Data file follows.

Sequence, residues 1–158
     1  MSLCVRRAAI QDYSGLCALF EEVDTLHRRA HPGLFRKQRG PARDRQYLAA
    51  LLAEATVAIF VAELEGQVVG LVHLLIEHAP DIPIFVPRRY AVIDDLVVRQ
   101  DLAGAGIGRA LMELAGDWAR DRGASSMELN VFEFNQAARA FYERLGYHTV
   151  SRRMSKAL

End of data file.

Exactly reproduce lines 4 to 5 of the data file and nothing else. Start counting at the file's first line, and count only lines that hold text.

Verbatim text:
   101  DLAGAGIGRA LMELAGDWAR DRGASSMELN VFEFNQAARA FYERLGYHTV
   151  SRRMSKAL